26th May- Unawatuna
Today the plan was to go to the Sea Turtle Farm and Hatchery then to the Unawatuna Lagoon Canoeing Excursion. Doing these two activities was supposed to cross off everything on our list leaving us with around half a day to just be lazy and relax so we started the day with the usual breakfast we have then went off on a 15 minute drive to see sea turtles.
I didn’t know it was a conservation and so I expected to see turtles swimming in their natural habitat and to carry one or two for pictures. Instead, it was a more simple place with several small sections of water in something that was shaped a bit like a well for the turtles to swim in.
There were many different species of turtles and of many different ages. The nice surprise was the worker actually took the time to teach us about the turtles and their lifespan. Afterwards he let us take pictures and to play with the turtles and to carry them. Then he showed us how they take care of the turtles eggs to ensure a higher hatching rate.
Turtles have an extraordinarily low rate of survivors from the eggs that they originally lay. It goes something along the lines of hundreds of eggs laid and around 5-10 of the turtles actually make it to sea and survive. The rest are either empty eggs, are stolen or even eaten before they make it to the vast blue of the ocean.
The area the worker showed us looked like a mini turtle cemetery with the date of the turtles were caught and its species name written on a tombstone shaped plaque. We thought this visit would take a while but instead we finished quickly and our booking for canoeing was still at 2:30pm. With two hours to kill still, we didn’t know what to do.
Thankfully our tuk tuk driver saved us, sensing that we ran out of places to go, he suggested we go to the Cinnamon Island. It was an easy decision as we didn’t want to head back home so early and so we decided to go for it. It turned out it was close to the Sea Turtle Hatchery and on arrival we were informed it was a boat ride package at the lake to see Cinnamon Island, Temple Island, Fish Feeling and Herbal Garden.
Since the original plan was to canoe after the Sea Turtle Hatchery, it made sense to instead get on a boat here and see more things. That and we were lazy. Starting off with Cinnamon Island, we arrived and our boat driver informed us that this island belongs to 11 brothers who ran the island themselves. One of whom was kind enough to show us his home and take us through the processes and uses of the cinnamon tree.
At first he took us to a tree, crushed its leaves to let us smell it and to show us the cinnamon oil that comes from crushing it. The next step was to take the branch and shave its exterior to make cinnamon powder. It was at this point that his wife came to give us cinnamon tea made from the same powder and hot water only. No tea bags, no sugar, no nothing.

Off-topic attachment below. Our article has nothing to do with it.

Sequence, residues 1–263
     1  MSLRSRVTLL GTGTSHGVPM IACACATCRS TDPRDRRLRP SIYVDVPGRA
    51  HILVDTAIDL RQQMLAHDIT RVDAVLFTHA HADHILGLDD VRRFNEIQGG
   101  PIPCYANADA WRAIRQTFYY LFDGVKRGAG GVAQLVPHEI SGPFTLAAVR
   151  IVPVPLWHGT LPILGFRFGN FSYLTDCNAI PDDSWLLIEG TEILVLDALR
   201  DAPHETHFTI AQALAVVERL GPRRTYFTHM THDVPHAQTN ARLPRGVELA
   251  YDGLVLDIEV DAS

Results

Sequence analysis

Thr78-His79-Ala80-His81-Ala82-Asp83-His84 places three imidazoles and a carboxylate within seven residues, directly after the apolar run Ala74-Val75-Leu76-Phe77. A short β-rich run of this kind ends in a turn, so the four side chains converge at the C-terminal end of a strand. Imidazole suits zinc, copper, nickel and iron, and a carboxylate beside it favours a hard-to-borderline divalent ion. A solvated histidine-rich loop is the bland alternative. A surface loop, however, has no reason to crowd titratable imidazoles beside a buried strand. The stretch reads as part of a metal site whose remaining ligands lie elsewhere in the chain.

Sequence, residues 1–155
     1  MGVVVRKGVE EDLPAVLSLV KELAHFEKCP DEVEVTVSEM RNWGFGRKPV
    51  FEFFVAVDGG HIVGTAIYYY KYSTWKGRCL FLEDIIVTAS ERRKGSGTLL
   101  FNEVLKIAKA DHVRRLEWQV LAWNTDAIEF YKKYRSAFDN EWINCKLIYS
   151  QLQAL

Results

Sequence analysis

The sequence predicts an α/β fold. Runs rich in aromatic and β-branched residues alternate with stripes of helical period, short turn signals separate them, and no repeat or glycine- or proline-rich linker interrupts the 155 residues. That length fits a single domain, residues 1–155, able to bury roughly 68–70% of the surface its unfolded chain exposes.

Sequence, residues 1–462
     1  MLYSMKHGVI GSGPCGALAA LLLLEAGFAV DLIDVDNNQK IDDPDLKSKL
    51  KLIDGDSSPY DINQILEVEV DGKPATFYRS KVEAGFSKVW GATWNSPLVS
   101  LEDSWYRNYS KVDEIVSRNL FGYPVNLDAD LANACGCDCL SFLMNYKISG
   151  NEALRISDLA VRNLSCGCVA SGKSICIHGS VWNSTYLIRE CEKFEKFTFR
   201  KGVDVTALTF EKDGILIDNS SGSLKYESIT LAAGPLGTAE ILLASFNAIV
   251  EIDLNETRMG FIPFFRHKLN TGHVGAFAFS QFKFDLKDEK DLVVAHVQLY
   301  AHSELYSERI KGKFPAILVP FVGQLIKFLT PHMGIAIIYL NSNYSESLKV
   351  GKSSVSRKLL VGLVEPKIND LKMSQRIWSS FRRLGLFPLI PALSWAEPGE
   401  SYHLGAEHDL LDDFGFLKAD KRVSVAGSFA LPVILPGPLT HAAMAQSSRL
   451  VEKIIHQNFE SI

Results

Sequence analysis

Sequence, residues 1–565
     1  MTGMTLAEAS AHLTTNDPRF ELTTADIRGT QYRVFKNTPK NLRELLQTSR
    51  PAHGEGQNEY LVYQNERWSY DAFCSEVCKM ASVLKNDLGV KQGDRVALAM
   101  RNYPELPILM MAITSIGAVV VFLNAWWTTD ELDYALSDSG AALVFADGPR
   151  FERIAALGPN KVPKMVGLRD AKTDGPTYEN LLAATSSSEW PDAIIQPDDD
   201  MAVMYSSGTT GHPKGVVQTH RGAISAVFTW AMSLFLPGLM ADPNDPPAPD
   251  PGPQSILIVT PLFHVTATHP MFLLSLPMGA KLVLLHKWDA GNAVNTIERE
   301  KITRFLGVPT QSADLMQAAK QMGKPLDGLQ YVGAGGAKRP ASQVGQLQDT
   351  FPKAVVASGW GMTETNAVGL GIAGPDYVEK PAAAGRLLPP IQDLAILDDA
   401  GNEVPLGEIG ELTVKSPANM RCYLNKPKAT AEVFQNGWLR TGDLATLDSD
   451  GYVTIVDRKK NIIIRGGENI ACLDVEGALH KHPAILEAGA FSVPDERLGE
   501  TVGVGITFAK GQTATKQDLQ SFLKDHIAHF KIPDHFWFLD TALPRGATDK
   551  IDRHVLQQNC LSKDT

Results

Next he shaved the interior to show us cinnamon stalks. He said when it dries it changes into the brown colour we identify it as. He then encouraged us to chew on it and to my surprise it tasted sweet. Afterwards, he displayed the final products- the cinnamon oil, powder and stalks. Of course nothing is free and so I bought a packet, happy to see the source of it all and its development with my own eyes.
Fish Feeling was the following activity. Actually, activity is a bit of an exaggeration. What we did was simply dip our feet into a closed off area of the lake in order for the fish to freely nibble. What it essentially feels like is around 1000 gentle pinches all over your feet. It’s incredibly ticklish for the majority of the 15 minutes but afterwards your feet feel much better and exfoliated and clean. After 15 minutes of uncontrollable laughter, it was time for the Buddhist Temple Island.
When we arrived we were told it was home to 15-20 monks and students. The hike up to the temple was similar to the Jungle Beach one except it was steeper. Just as with most of the temples we visited, you could feel the peaceful energy around. However, this place was a little more peaceful than the others. After all, it was a bit isolated from the rest of the city and the only noise around would come from the occasional tourist who visited.
A few pictures later and we were back on the boat on our way back to the Herbal Garden. We were told fishermen would come here to this bit of water as the mangroves surrounding the lake contained crabs, prawns and fish. Our boat driver pointed out that the mangroves served several uses as it also protected the island from floods during the monsoon season.
He encouraged me to taste the water, stating it was brackish which meant that it was a mix of fresh water and salt water. On arrival to the Herbal Garden, the guide showed us the different plants and herbs they grew and its natural benefits. There were cloves, ginger, red pineapples and yellow ones among many others. At the end we were taken to a store where they extracted the benefits of these herbs into bottles fit for consumption.
While it was only the afternoon, the day’s plan was over and the rest of it was spent eating, relaxing and watching two movies- A Beautiful Mind and Mulan. Tomorrow was Friday so I was a little excited to experience the Friday prayers in a different country. Another cause for my excitement was that we were going to travel to Udawalawe for a safari. I’d experienced a safari in Kenya and was keen to see the difference in a Sri Lankan one.